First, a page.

A special event held during the virtual 2020 AMIA Annual Symposium featured the year’s most noteworthy publications. This popular Biomedical and Health Informatics Year in Review session is informed by AMIA’s 20 Working Groups, plus a special COVID-19 group. These groups identified papers representing the most influential biomedical and health informatics work published over the past year. The session aimed to help biomedical and health informatics professionals stay current with the most “relevant, interesting, or innovative” papers of the year. The session was introduced by Dr. James Cimino of the Informatics Institute at the University of Alabama at Birmingham. Ninety-five papers nominated by the working groups were reviewed, representing 37 peer-reviewed journals and one symposium. Of these, the following three papers presented the results of AHRQ-funded Digital Healthcare Program research.


Evaluation Working Group

Dr. David Bates’s paper in JAMIA, “The tradeoffs between safety and alert fatigue: Data from a national evaluation of hospital medication-related clinical decision support” was highlighted as the best evaluation paper. The paper described an evaluation of the overall performance of hospitals that used the Computerized Physician Order Entry Evaluation Tool in both 2017 and 2018. The paper also summarized hospitals’ performance against fatal orders and nuisance orders. Research findings showed that despite the improvement of overall scores in 2017 and 2018, there was little improvement in fatal order performance, suggesting that hospitals are not targeting the deadliest orders first. Nuisance order performance showed almost no improvement, and some hospitals may be achieving higher scores by over alerting, suggesting that the thresholds for which alerts are fired from are too low.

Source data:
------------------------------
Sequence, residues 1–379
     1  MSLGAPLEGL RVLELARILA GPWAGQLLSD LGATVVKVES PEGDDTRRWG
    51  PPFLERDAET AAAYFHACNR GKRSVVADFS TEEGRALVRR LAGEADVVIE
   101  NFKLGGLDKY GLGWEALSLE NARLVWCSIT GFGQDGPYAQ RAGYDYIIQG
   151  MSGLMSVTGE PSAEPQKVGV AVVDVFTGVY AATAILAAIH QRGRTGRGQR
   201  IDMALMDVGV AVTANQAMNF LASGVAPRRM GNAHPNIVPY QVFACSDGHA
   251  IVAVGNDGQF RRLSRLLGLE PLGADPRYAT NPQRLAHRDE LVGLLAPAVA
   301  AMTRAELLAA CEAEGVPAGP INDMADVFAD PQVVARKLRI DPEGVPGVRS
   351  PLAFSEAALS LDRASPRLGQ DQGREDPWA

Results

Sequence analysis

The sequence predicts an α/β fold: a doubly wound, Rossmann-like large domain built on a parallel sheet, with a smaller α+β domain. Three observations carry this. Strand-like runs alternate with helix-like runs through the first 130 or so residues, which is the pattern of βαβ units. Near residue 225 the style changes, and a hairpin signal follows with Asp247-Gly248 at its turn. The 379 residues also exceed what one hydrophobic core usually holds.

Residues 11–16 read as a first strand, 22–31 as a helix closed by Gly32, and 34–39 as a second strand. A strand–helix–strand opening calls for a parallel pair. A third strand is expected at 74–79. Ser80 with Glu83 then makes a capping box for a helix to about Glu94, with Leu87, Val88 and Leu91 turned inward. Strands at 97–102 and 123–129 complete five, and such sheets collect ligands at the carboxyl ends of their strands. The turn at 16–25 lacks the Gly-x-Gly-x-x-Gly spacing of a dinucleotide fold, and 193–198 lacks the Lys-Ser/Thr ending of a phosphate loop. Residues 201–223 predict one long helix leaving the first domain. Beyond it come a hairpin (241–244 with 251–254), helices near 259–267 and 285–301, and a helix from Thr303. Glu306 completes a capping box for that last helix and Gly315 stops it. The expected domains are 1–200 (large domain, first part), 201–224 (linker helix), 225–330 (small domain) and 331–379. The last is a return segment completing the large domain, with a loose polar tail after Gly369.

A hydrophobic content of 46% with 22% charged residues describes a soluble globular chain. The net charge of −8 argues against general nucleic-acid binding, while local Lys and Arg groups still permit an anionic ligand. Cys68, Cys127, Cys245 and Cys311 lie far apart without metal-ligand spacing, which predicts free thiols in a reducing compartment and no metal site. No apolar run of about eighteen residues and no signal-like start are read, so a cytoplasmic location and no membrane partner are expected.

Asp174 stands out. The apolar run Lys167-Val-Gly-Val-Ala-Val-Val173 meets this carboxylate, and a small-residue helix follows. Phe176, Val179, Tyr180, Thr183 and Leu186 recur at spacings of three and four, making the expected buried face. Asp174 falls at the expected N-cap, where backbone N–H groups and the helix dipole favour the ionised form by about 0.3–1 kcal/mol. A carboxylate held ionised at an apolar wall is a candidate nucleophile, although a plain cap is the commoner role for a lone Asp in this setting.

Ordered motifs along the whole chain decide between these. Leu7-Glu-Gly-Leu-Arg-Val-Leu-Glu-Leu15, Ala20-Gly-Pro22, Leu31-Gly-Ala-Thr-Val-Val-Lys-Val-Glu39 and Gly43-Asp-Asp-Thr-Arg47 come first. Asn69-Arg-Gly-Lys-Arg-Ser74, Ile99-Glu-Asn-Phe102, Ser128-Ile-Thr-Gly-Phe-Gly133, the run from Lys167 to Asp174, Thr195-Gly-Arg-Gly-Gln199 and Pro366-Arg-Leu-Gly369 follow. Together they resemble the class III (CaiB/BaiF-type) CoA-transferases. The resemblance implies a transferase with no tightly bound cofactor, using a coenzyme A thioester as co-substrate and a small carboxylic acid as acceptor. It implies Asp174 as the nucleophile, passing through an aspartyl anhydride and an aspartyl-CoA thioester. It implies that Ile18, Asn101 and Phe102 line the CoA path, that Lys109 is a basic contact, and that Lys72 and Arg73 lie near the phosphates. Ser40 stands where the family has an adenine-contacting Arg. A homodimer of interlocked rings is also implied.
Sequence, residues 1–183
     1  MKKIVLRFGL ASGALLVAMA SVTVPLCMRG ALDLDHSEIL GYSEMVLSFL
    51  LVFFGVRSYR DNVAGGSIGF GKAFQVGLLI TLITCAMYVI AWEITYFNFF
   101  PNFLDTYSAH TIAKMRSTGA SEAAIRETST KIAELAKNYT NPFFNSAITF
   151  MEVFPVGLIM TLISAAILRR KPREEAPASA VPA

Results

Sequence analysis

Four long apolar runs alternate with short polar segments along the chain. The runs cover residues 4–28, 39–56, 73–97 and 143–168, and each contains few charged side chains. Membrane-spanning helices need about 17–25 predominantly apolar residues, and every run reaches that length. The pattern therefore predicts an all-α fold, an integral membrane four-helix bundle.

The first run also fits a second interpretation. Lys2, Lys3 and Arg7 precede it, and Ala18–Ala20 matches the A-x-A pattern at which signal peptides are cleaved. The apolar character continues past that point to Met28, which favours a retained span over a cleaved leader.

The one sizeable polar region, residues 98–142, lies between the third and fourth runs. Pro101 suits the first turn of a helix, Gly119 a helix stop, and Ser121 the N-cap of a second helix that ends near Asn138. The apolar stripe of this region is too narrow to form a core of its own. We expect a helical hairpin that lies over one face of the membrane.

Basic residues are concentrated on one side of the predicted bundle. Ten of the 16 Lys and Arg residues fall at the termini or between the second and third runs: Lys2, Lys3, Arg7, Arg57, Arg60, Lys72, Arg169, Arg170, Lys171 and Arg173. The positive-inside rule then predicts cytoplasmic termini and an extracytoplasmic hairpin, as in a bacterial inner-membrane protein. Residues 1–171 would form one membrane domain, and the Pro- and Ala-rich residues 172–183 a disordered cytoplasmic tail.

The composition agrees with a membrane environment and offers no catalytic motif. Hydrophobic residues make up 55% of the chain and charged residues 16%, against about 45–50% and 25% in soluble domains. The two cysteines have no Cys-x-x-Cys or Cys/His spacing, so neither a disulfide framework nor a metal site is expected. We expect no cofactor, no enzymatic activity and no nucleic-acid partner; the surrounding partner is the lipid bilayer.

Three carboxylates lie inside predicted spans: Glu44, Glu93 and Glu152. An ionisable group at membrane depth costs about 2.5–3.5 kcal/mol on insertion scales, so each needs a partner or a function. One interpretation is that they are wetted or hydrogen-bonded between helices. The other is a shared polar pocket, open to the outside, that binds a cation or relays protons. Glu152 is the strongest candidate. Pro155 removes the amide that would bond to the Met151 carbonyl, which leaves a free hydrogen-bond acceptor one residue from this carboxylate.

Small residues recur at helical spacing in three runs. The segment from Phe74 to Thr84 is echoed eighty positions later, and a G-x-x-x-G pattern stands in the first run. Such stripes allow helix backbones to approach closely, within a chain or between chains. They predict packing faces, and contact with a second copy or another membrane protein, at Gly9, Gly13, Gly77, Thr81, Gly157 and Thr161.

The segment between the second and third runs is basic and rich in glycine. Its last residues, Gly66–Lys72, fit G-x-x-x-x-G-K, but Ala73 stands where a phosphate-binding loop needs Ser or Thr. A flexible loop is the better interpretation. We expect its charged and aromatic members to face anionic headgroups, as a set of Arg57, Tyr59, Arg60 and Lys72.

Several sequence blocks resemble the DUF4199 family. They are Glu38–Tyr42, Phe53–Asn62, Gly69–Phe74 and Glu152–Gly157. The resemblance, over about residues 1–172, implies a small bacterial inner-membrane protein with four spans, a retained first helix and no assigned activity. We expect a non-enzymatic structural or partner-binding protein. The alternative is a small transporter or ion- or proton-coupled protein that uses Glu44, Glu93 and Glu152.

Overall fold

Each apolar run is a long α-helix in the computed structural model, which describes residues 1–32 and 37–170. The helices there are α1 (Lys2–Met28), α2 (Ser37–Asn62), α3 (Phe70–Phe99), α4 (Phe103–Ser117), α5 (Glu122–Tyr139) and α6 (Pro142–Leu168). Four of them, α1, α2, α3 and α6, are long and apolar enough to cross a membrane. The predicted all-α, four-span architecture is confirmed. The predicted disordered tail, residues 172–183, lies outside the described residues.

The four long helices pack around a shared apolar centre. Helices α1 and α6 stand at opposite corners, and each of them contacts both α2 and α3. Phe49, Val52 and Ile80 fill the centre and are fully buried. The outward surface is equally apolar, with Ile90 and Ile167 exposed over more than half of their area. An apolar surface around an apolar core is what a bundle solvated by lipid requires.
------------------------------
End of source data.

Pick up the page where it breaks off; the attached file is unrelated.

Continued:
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Open Source Working Group

The best open source paper highlighted the work of AHRQ’s CDS Connect Initiative. “To Share is Human! Advancing Evidence into Practice Through a National Repository of Interoperable Clinical Decision Support” describes how a national repository of CDS can serve as a public resource for healthcare systems, academic researchers, and informaticists seeking to share and reuse CDS knowledge resources or "artifacts." The paper outlines the history and ongoing success of CDS Connect, which was first launched in 2016 as a public, web-based platform for authoring and sharing CDS knowledge artifacts. Researchers evaluated early use and impact of the platform by collecting user experiences of AHRQ-sponsored and community-led dissemination efforts through quantitative/qualitative analysis of site metrics. Efforts are ongoing to quantify efficiencies gained by healthcare systems that leverage shared, interoperable CDS artifacts, rather than developing similar CDS repeatedly and in isolation.

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People and Organization Issues Working Group

The final AHRQ-funded work highlighted during AMIA’s Year in Review session was Dr. Rebecca Schnall’s paper, “Use of the FITT framework to understand patients' experiences using a real-time medication monitoring pill bottle linked to a mobile-based HIV self-management app: A qualitative study.” The paper outlined Dr. Schnall and research team’s efforts to understand patients’ experiences using a real-time medication monitoring pill bottle linked to an HIV self-management mobile app. They found that tracking medication adherence and receiving push-notification medication reminders through the electronic pill bottle connected to the app encourages and supports medication adherence for people with HIV. Research findings highlight the importance of considering intended users’ circumstances—particularly HIV-related stigma, disclosure of HIV status, and antiretroviral therapy regimens—when designing customizable mobile health technology.